Dear Class of 2021 families,
As we finish our seventh month of staying at home, I hope all of you are in good health and your kids are adjusting to school as best they can. Our seniors have a lot on their plate and I'm constantly amazed at their perseverance!
While the majority of students are coping well and moving forward steadily towards their college application deadlines, I'd be remiss if I didn't mention that I'm definitely seeing more procrastination this year along with an increase in lethargy and a general sense of sadness.
Applying to college is exciting but can be overwhelming, even under the best of circumstances. Factor in a pandemic that keeps you away from friends and family, plus smoky skies, and the best of us might find it hard to get up in the morning, let alone get any work done.
Many of you know that I also have a senior so I share many of the same parental concerns as you do. I also personally know and therefore am emotionally attached to many more seniors this year than in recent years since I’ve known so many of these kids since kindergarten. Over casual conversations with them I've come to find out that seniors who have always been confident in themselves and aggressive in their goals are now second guessing themselves. Students who have amazing transcripts and GPAs are feeling inadequate and wondering where they will land come April. Seniors who have worked tirelessly towards their future are now wondering if they have enough extracurricular activities.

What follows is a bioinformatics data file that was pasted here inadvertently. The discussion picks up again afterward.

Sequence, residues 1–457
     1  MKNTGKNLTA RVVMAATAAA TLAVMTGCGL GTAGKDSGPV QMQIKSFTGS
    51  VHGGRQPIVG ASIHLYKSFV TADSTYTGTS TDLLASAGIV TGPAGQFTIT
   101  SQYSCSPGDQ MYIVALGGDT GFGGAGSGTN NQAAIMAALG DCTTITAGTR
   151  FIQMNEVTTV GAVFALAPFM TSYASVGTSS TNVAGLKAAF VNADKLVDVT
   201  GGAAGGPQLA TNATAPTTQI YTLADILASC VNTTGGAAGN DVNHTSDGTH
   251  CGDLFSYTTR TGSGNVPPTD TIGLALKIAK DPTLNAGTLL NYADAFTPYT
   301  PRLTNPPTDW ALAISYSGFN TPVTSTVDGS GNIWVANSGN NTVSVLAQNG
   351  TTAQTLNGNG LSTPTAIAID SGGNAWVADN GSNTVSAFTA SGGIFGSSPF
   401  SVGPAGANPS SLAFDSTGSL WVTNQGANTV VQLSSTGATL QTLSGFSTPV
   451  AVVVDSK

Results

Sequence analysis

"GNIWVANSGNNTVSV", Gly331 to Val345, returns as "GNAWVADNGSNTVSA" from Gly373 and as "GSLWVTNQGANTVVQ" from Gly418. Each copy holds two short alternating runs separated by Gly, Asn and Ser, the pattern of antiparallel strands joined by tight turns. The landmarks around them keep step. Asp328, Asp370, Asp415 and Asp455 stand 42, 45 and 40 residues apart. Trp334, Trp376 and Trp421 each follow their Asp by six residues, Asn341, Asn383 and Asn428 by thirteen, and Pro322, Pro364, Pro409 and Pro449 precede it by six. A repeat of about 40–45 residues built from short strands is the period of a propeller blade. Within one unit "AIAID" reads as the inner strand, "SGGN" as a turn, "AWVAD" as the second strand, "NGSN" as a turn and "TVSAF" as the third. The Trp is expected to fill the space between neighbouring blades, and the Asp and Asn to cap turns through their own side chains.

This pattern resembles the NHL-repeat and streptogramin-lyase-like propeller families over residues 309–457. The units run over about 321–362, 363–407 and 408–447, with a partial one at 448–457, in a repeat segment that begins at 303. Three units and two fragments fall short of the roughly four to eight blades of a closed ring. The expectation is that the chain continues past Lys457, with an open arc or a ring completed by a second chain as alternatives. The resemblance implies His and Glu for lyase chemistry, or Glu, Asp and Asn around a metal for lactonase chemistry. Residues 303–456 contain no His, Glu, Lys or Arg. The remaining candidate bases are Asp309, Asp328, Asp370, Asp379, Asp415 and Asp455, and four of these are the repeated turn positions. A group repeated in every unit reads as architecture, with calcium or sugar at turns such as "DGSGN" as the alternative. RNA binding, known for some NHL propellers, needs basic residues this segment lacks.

A lot of this has to do with the roller coaster ride which has been our life for the last seven months. Spring semester was a hot mess and now as students are starting to fill out their applications they are just beginning to understand the consequence of pass/fail or credit/ no credit. The students who are affected the most are not the strongest ones (their transcripts are too strong for a single semester to hurt them), no, they are the ones who were working hard since Christmas and were turning those Bs and Cs into stronger grades. So, yes, parents, I hear you and understand your frustration that their GPA got a hit but these kids need to be told (over and over again) it wasn't in their control. In fact, talk to your counselors and learn how to explain your potential uptick in your GPA. There's always a place to explain your grades further. To these students I want to clarify - you'll be OK, you will not be penalized if your district didn't give you letter grades. Colleges have said the majority of public high schools didn't give out letter grades this past spring and that they understand. If I could shout this from the mountain tops, I would.